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Legal Newsletter November 2021

On the obligation to set up new internal systems for employees

In Directive 2019/1937, the European Parliament focuses on the protection of people (the so called whistleblowers) who choose to report a breach of their rights in their employment relationship. The terms of the Directive are currently being incorporated into a separate Whistleblower Protection Act which is in the Parliamentary process and can be expected to be adopted shortly.

The aim of the Directive and also of the Whistleblower Protection Act, is to establish mechanisms that enable employees to report violations of their rights or obligations, safely and without fear of sanctions from employers, other employees, or other entities. The law should therefore set out the conditions under which employees can make notifications, how these notifications will be assessed and how protection will be provided to employees who make them.

The law will also penalize unlawful conduct directed at employees who choose to come forward and remedy the unlawful conditions that result.

All employers with more than 25 employees and contracting authorities under the Public Procurement Act will be required to establish internal systems enabling notification and set forth procedures for notification. Employers will be given until 31 March 2022 to comply with this obligation. In addition, they will have to designate a person who will be responsible in particular for receiving and dealing with notifications submitted by employees, ensuring always that only authorised persons are aware of notifications, keeping a register of notifications submitted and archiving them, informing the notifier of the progress and results of proceeding following to the notification, and protecting the notifier from possible retaliation.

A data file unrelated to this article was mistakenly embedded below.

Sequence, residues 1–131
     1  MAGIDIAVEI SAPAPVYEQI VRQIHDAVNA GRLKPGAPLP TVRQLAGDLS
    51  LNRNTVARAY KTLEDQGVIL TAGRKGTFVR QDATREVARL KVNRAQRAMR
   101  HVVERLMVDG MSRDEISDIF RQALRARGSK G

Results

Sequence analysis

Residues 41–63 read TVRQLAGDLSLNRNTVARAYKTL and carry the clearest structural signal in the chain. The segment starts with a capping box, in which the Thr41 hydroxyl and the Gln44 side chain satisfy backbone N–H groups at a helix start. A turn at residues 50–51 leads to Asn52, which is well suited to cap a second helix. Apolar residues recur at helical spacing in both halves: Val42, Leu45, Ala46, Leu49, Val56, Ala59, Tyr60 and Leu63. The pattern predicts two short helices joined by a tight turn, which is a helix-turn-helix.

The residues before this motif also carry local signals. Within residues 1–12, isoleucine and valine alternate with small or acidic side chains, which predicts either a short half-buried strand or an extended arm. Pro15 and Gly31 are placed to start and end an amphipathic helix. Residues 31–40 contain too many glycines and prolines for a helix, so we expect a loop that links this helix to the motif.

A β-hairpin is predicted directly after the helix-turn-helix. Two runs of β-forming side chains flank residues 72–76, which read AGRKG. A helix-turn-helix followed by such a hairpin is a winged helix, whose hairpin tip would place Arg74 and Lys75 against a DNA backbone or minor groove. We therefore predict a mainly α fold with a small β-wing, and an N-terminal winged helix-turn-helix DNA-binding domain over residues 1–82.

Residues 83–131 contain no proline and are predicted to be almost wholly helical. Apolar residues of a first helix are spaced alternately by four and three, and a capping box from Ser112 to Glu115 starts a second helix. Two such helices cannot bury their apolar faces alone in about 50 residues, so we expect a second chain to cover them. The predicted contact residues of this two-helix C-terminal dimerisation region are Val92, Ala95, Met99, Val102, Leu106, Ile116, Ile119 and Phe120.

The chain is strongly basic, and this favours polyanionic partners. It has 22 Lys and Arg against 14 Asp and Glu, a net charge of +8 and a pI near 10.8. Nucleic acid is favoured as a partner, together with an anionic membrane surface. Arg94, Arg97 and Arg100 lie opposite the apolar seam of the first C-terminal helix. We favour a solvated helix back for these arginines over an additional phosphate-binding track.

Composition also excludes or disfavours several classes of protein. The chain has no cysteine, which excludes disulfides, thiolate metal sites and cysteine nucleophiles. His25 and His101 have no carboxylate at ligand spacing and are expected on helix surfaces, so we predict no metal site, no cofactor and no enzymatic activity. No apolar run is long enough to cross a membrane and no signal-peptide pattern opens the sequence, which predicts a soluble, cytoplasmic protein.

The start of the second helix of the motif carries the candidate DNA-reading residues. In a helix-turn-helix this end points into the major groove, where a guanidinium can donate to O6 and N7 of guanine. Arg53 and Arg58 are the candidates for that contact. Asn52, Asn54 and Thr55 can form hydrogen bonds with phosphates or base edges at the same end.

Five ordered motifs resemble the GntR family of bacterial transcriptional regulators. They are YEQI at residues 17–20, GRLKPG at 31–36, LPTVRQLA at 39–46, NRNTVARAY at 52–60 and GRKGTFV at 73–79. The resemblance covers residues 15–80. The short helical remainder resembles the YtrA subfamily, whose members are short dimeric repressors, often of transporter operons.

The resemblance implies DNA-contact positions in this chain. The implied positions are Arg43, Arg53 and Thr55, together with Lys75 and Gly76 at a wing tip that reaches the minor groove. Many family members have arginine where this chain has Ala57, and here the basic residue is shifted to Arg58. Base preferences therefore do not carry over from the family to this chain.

The law therefore imposed a new administrative obligation on employers the performance of which, however, can be entrusted to third parties provided that employers maintain necessary control over the related process.


Recovery of damages from subsidiaries for the parent company's misconduct

If you are harmed by a legal entity that infringes EU competition law, you don't necessarily have to seek a compensation from that particular company. You can also seek compensation from its subsidiary under certain conditions.

First, you will have to show that the companies in question, together with the parent company, formed a single economic unit or 'enterprise' within the meaning of the Treaty on the Functioning of the European Union (TFEU) at the time of the infringement. TFEU provides that an injured party has the right to claim damages against an enterprise which is meant here to include not only individual companies, but rather an economic unit which may consist of an unlimited number of such companies. The concept of enterprise is therefore much broader compared to what it is commonly understood in the Czech legal and business environment.